FCNews annual Top 20 Distributors

By Ken Ryan—NSDespite numerous challenges, many flooring distributors are taking advantage of the continued strength of the home improvement/retail industry and the SPC/rigid cores category to record healthy profits in 2021, with some wholesalers rising 50% or more from 2020 onwards. And while the problems that have ravaged distribution are likely to persist into 2022, such as port congestion, the near-term outlook looks bright, executives say.

FCNewsThe Top 20 Distributors issue looks not only at the industry leaders, but also at stories impacting the wholesale floor segment in general.

(Editor’s Note: FCNewsAnnual distributor list includes companies that supply products for various manufacturers. We do not consider companies that only process their own wares to be eligible for listing.)

WWith apologies to Charles Dickens, 2020/21 was truly “the best of times and the worst of times” for floor distributors. Seasoned executives who have experienced economic ups and downs in their time say nothing compares to the period between March 2020 and now.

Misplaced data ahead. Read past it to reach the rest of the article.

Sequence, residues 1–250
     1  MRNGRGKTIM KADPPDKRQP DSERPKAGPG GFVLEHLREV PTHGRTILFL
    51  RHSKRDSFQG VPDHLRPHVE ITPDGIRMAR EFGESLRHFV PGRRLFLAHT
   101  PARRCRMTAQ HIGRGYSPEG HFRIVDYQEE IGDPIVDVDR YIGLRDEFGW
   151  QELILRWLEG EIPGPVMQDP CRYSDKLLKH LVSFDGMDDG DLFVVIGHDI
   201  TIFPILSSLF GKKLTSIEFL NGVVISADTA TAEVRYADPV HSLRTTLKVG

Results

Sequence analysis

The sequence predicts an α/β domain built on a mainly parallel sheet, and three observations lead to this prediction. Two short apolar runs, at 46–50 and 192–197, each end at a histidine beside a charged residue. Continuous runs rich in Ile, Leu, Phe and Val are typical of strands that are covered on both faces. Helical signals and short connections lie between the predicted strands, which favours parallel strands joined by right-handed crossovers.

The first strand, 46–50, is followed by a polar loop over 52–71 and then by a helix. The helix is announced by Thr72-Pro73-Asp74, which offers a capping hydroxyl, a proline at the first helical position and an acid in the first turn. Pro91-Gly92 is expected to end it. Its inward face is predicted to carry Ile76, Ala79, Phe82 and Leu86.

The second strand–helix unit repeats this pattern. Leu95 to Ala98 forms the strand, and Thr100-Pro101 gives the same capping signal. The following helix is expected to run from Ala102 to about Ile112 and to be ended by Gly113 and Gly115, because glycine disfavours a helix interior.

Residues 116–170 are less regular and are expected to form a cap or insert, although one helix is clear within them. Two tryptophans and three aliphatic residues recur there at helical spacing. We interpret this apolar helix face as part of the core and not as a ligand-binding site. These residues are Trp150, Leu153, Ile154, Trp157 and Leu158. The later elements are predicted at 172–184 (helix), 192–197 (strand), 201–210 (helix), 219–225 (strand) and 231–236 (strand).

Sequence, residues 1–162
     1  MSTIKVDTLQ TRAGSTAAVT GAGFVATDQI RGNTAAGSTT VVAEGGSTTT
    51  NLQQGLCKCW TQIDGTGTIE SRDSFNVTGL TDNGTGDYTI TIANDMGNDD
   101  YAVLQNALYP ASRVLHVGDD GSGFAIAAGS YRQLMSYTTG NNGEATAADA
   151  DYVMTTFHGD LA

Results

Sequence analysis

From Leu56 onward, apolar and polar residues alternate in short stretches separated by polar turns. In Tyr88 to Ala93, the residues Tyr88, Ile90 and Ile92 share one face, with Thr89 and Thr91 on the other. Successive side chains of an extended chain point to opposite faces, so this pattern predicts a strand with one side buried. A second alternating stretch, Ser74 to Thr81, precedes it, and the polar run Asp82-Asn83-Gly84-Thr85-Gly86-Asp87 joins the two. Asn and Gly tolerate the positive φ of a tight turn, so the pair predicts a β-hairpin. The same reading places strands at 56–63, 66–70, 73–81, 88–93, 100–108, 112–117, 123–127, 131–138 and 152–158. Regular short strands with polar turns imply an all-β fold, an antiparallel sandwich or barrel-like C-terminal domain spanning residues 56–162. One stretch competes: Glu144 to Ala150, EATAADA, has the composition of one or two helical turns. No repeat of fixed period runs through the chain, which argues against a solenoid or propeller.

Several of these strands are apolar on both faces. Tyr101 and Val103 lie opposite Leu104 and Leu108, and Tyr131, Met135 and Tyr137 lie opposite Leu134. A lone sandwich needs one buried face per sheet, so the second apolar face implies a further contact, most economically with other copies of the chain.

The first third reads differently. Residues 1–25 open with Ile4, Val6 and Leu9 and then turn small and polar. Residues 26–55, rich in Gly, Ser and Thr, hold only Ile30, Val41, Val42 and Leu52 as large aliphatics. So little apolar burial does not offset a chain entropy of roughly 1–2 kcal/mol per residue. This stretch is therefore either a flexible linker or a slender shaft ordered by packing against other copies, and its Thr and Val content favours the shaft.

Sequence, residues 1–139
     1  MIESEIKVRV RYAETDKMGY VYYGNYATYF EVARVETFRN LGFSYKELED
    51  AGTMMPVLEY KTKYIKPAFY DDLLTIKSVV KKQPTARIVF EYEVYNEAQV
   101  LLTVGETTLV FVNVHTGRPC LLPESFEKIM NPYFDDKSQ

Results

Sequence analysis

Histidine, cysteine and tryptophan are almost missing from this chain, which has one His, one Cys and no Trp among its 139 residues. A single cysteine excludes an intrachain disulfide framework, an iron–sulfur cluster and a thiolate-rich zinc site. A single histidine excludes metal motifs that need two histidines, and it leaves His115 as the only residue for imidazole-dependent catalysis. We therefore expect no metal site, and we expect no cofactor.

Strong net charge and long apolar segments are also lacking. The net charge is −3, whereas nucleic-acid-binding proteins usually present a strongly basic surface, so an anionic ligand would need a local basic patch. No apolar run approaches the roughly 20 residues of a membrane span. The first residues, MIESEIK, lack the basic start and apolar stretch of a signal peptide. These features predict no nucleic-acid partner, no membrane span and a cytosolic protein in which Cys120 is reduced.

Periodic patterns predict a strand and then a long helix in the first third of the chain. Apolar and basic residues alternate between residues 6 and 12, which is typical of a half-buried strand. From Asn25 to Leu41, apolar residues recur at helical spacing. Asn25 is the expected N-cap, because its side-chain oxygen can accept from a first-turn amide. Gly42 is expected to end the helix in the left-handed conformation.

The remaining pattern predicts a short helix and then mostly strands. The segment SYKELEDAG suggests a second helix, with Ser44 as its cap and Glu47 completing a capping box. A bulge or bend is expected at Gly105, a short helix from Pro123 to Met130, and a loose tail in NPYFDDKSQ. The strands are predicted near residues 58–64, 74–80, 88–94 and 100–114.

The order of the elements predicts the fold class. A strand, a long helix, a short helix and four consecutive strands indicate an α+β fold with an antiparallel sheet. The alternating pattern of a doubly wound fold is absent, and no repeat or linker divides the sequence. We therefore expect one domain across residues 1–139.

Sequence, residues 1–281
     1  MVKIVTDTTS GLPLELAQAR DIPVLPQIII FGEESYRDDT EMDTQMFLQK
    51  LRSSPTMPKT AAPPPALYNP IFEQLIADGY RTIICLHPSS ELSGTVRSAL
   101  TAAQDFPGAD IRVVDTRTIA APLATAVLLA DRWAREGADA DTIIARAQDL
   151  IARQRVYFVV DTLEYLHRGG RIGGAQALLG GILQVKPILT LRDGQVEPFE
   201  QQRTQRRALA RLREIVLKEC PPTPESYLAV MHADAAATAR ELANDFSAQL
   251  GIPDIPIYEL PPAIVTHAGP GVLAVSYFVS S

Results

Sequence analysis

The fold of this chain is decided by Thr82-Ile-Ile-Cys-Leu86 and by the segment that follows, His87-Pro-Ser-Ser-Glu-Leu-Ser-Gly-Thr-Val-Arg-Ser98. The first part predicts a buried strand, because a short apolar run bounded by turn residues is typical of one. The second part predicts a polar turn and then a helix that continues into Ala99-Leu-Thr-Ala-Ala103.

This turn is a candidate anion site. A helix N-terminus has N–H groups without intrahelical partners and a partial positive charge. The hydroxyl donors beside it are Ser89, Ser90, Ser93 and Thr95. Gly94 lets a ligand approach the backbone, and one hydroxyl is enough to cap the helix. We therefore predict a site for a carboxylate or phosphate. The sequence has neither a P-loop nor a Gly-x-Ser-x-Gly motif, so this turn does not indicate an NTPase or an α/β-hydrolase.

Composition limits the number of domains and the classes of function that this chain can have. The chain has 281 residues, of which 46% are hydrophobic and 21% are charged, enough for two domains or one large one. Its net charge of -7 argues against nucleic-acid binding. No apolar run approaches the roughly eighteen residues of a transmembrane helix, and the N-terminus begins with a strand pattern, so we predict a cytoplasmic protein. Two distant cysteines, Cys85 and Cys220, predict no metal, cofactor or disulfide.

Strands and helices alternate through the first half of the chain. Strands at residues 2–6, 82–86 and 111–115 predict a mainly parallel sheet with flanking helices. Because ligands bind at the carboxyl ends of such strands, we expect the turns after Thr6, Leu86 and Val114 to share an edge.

On the one hand, there is the much-discussed blockade in ports that has restricted supply chains and maintained upward pressure on prices; there are labor problems that have acutely affected floor distributors; and inflationary pressures that have affected freight and commodities.

And yet, despite these hurdles, distributors are riding healthy increases – mostly double digits – in 2021 after a challenging 2020. “It’s a bizarre world – good and bad at the same time, the most ironic situation I’ve encountered in my 45 years,” says Jeff Striegel, president of Elias Wilf, the No. 20 wholesaler: “It’s literally the best of times and the worst of times happening at the same time. It’s just insane.”

Most observers agree that supply chain problems, including longer ocean travel times and port congestion, will continue well into 2022 and perhaps beyond (see Port update story).